Anarchist exiles in Komi Oblast

By April 1925 on the territory of the Komi AO [Autonomous Oblast] there were 117 political exiles, including 43 SRs, 17 anarchists, and one Kadet. The anarchist exiles conducted work among the Komi peasantry, mainly oral anti-Soviet agitation. Thus, in May 1925, the GPU detained two anarchist exiles, who “urged the peasants not pay taxes, not to submit to orders from the Soviet authorities, etc.” In May 1925 in Ust-Sisolsk there were around 40 political exiles. They “… hold discussion meetings every evening. With the exception of the anarchists, they don’t carry on any work among the masses. The anarchists are beginning to spread their ideas among the local youth and are trying to organize a circle. Thanks to their influence, there was one case of one person withdrawing from the KSM [Komsomol], supposedly to become the leader of this circle. Once the circle was organized, they intended to publish a journal with the help of a typist working as one of the Oblast institutions … .” According to the GPU, the anarchist exiles in Ust-Sisolsk did succeed in organizing an anarchist youth group, which already in August 1925 began preparing for propaganda activity among the peasants.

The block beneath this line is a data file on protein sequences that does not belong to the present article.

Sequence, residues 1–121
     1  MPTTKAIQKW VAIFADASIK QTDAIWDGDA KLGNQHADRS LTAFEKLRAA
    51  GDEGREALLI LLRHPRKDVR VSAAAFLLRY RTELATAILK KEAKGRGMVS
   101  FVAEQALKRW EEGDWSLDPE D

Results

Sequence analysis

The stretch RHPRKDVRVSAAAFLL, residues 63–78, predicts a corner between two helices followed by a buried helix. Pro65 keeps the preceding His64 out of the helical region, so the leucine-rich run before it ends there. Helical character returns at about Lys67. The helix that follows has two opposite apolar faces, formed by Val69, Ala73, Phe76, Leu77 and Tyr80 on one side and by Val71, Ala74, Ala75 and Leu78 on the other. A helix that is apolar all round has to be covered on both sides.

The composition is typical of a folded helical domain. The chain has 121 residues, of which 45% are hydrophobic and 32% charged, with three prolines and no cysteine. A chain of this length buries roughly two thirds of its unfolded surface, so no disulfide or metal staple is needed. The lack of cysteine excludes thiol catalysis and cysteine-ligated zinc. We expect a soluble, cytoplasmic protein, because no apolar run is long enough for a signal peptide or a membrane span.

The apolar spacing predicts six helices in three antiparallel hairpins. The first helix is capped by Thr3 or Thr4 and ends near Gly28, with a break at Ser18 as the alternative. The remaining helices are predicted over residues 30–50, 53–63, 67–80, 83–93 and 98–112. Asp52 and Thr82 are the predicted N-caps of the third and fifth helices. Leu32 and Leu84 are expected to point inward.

The propaganda of the anarchists in the 1920s was based on the 1924 “Manifesto of Anarcho-Communists,” which included such principles as: “The state (that is, people exercising compulsory power over other people) always and everywhere kills the independence of the labouring masses, kills their initiative, hinders their creative work, indoctrinates the working masses with the spirit of complete submission, makes it impossible for them to arrange their own affairs. Even socialist states, organizing a system of state capitalism, depersonalize the workers, turning them into various kinds of semi-slaves and delaying the implementation of the free society … One can not dream of prosperity, freedom, brotherhood, and equality when the landlords and capitalists have been replaced by government bureaucrats, even though they call themselves socialists and communists.”